"The president is not putting somebody above the law; the president is putting somebody within the law," Mukasey said. "The president doesn't stand above the law. But the law emphatically includes the Constitution."

Leahy said he was "troubled" by the answer: "I see a loophole big enough to drive a truck through."

Sen. Russell Feingold (D-Wis.), who had questioned Mukasey on the same topic on Wednesday, complained that the nominee had gone from being "agnostic" to holding a "disturbing view."

"You've suggested that I've gone overnight from being an agnostic to being a heretic. . . . I haven't," Mukasey responded, though he did not elaborate.

Mukasey also amplified his opposition to a proposed federal shield law for journalists that the Judiciary Committee has already approved. The bill attracted bipartisan support after several high-profile cases in which reporters were jailed or threatened with contempt charges for refusing to divulge the identities of sources.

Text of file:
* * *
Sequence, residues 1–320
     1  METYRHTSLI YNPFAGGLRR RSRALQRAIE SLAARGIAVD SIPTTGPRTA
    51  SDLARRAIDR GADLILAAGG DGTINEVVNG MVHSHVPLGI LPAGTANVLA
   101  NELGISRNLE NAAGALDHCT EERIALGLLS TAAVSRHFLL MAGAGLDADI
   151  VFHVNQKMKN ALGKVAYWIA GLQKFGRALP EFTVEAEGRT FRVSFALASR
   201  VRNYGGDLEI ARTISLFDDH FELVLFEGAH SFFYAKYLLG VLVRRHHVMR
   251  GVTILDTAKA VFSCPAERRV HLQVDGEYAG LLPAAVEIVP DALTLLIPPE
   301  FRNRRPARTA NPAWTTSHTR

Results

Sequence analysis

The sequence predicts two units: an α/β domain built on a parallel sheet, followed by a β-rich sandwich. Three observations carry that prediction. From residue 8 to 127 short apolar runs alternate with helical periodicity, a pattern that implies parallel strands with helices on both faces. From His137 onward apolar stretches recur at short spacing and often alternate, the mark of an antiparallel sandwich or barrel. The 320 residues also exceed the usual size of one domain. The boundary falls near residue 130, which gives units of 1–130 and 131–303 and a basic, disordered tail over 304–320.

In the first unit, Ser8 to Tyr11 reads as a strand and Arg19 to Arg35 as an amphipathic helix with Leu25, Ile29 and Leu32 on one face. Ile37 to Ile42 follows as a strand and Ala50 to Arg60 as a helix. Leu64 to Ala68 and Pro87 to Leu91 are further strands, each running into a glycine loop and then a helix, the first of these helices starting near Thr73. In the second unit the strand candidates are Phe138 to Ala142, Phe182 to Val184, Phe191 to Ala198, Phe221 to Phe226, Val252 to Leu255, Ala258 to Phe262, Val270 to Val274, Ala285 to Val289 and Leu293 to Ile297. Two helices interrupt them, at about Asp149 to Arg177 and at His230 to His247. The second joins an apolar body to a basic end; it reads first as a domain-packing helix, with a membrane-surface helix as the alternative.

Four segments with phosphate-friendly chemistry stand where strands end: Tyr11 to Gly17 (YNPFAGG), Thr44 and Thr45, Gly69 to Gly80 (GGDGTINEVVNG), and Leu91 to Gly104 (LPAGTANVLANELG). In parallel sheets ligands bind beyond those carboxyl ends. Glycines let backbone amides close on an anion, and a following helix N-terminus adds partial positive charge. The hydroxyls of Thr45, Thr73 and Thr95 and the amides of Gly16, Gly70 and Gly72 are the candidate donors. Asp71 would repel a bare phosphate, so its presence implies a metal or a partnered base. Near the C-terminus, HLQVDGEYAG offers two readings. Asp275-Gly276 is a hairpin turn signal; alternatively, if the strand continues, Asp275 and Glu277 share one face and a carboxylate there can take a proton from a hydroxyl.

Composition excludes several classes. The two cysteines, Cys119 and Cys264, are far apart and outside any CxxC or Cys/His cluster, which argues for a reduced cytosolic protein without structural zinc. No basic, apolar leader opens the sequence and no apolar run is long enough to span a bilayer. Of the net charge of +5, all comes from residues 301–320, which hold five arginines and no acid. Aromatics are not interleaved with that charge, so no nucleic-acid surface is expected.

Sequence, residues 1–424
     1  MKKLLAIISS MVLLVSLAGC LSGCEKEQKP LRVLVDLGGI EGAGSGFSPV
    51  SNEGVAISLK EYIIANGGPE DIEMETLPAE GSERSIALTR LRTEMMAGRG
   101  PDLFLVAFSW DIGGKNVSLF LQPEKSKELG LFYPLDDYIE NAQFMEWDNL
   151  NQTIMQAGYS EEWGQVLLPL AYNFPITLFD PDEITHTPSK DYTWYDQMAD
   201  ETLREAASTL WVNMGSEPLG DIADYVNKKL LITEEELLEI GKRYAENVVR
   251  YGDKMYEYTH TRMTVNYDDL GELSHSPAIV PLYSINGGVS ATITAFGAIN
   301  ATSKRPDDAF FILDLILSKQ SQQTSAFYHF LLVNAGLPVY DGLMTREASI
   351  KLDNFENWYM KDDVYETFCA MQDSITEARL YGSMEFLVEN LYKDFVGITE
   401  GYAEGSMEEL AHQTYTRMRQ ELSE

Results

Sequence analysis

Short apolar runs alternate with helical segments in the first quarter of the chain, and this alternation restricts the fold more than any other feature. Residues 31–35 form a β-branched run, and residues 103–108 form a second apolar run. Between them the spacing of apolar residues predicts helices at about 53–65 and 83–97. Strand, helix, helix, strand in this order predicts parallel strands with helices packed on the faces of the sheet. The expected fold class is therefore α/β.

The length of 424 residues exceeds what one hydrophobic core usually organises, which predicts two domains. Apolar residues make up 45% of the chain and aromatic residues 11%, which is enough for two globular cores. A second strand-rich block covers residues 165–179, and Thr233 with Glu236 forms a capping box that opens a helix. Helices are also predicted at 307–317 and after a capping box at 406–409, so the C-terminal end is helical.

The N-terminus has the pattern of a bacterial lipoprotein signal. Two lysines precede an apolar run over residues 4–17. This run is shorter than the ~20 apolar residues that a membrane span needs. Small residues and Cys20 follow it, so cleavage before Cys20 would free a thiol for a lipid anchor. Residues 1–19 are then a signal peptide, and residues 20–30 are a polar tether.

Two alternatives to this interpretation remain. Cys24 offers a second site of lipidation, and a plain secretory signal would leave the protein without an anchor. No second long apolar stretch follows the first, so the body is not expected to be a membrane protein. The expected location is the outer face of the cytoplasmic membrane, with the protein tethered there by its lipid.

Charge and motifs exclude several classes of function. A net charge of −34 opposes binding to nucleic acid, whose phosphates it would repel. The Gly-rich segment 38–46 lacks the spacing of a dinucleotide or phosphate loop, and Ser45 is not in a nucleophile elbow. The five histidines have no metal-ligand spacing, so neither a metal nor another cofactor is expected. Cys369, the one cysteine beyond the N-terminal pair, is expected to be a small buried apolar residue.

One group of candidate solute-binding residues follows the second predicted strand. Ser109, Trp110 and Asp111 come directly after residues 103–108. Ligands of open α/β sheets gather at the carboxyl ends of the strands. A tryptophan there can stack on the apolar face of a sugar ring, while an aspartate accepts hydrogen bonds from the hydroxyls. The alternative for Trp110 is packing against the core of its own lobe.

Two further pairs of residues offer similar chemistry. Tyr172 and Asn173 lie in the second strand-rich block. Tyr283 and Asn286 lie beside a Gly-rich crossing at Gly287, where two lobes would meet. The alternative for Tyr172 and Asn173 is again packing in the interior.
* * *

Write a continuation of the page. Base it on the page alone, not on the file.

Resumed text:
Mukasey said that the current system has worked "passably well" and that any problems could be solved by changes to internal Justice Department rules. He noted that he worked briefly as a wire service reporter and later represented media organizations as a lawyer in private practice, but he echoed Bush administration arguments that such a law could be used to protect journalists who are acting as spies or terrorists.

At one point, a flustered Leahy asked Mukasey "whether you received some criticism from anybody in the administration last night after your testimony," leading to a different set of answers at yesterday's hearing.

"I received no criticism," said Mukasey, who was measured and soft-spoken throughout his testimony. "I had dinner with my family last night."

Staff researcher Madonna Lebling contributed to this report.